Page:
Flow interactions around a rapidly-pitching MAV wing

Ryan Randall, Lee Wilson, Sergey Shkarayev

Research output: Contribution to conferencePaperpeer-review

6 Scopus citations


This study was conducted to visually investigate flows related to fixed-wing vertical-takeoff-and-landing micro air vehicles, using the smoke-wire technique. In particular, the study examines transition between forward flight and near-hover. The experimental model consists of a rigid Zimmerman wing and a propulsion system with contra-rotating propellers arranged in a tractor configuration. The model was pitched about the wing's aerodynamic center at approximately constant rates using a five-axis robotic arm. Constant-rate pitching angles spanned 20 to 70 degrees. Five pitching-rates were used, along with three propulsive settings. Several observations were made. Contra-rotating slipstreams generally cause a delay in the onset of trailing-edge vortex-shedding within their vicinities. Higher nose-up pitching-rates generally lead to greater trailing-edge vortex-shedding frequency. Nose-up pitching without a slipstream can lead to the development of a traditional dynamic-stall leading-edge vortex (LEV), delaying stall and increasing wing lift. During nose-up pitching a slipstream can drive periodically-shed leading-edge vortices into a larger vortical-structure that circulates over the upper-surface of a wing in a fashion similar to that of a traditional dynamic-stall LEV. At lower nose-up pitching-rates LEVs form at lower angle of attack. As a slipstream strengthens a few things occur: separation wakes diminish, separation occurs at a higher AOA and downward flow-deflection increases. Similar effects are observed for nose-up pitching, while nose-down pitching produces the opposite effects.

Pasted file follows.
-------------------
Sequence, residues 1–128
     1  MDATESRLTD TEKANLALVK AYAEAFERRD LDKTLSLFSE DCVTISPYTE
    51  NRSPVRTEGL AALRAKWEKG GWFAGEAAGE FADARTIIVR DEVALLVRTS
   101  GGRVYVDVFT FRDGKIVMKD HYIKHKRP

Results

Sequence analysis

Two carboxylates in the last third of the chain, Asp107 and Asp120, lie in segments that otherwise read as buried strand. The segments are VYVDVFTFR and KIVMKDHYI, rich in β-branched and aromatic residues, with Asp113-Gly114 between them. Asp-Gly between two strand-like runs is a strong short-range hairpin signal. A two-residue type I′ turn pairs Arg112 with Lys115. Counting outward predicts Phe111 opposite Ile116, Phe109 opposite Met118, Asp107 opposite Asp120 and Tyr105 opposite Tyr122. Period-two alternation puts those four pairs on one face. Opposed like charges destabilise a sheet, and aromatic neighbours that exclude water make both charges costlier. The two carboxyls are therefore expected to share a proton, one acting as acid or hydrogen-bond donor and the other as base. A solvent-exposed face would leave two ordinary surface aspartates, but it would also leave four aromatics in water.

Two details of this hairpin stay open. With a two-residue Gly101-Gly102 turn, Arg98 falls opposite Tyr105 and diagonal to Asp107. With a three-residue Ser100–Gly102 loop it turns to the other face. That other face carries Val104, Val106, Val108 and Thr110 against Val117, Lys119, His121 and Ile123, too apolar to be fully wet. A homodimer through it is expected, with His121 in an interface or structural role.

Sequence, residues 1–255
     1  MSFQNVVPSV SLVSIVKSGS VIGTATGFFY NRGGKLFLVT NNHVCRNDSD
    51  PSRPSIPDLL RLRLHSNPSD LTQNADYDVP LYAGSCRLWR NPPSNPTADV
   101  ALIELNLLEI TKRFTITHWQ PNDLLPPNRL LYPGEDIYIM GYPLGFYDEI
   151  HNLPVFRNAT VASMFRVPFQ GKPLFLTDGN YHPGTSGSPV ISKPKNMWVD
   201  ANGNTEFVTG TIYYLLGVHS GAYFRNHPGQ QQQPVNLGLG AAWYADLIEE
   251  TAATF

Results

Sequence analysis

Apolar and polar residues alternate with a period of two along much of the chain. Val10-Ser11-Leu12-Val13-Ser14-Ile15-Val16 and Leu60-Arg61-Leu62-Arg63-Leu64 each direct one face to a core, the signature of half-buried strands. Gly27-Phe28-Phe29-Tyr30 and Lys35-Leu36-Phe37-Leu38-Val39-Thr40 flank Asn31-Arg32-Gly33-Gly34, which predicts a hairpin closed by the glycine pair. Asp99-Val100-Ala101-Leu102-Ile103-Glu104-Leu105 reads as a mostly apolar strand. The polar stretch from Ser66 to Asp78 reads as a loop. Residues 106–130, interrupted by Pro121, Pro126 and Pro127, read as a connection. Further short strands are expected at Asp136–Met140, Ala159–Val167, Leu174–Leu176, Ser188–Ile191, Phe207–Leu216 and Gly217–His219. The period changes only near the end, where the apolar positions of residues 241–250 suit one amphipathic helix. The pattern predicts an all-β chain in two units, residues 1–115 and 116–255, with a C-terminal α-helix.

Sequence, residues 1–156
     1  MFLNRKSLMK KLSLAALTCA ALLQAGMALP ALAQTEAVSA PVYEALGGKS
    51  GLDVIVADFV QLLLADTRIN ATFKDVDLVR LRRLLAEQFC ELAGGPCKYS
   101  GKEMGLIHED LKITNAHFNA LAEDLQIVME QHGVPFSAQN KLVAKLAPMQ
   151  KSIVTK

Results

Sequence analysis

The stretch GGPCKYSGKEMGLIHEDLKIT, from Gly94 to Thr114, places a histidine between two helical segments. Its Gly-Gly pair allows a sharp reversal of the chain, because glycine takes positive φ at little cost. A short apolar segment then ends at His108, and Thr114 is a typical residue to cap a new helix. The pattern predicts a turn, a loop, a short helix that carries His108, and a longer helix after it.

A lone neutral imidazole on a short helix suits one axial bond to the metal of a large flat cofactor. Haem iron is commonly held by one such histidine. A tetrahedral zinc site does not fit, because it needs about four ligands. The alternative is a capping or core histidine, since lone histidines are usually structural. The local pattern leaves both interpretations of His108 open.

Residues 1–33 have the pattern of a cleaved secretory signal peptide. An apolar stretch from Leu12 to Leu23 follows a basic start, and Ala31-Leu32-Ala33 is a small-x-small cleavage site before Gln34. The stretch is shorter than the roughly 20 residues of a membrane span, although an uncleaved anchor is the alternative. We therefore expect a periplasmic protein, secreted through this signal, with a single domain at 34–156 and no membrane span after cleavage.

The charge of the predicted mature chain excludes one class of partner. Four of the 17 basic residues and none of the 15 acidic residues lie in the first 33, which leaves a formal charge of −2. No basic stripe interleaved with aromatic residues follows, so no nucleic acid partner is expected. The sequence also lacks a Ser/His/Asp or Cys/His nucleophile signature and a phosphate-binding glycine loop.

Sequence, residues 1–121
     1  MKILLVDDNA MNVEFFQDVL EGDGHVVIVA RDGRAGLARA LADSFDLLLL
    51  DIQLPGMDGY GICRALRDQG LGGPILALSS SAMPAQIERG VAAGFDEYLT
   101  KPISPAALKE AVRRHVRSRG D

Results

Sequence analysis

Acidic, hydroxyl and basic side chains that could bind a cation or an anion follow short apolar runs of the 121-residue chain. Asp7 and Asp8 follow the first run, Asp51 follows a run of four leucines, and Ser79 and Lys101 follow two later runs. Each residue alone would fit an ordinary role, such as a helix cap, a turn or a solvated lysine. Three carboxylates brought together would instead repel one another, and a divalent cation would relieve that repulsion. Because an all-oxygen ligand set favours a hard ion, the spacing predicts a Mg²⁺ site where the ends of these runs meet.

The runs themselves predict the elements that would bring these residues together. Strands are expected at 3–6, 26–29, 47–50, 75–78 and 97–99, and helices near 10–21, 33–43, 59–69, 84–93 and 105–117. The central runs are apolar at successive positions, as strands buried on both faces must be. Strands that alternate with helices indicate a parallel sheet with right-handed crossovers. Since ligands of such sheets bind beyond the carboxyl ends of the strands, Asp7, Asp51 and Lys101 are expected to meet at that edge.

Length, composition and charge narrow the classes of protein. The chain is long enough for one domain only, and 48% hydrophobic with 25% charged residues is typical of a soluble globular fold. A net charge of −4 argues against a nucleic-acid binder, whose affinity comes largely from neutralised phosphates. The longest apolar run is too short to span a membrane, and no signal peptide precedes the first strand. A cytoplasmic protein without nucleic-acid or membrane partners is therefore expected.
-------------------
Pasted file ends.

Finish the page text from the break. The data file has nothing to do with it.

Original languageEnglish (US)
StatePublished - 2012
Event50th AIAA Aerospace Sciences Meeting Including the New Horizons Forum and Aerospace Exposition - Nashville, TN, United States
Duration: Jan 9 2012Jan 12 2012


Other50th AIAA Aerospace Sciences Meeting Including the New Horizons Forum and Aerospace Exposition
Country/TerritoryUnited States
CityNashville, TN

ASJC Scopus subject areas

  • Aerospace Engineering


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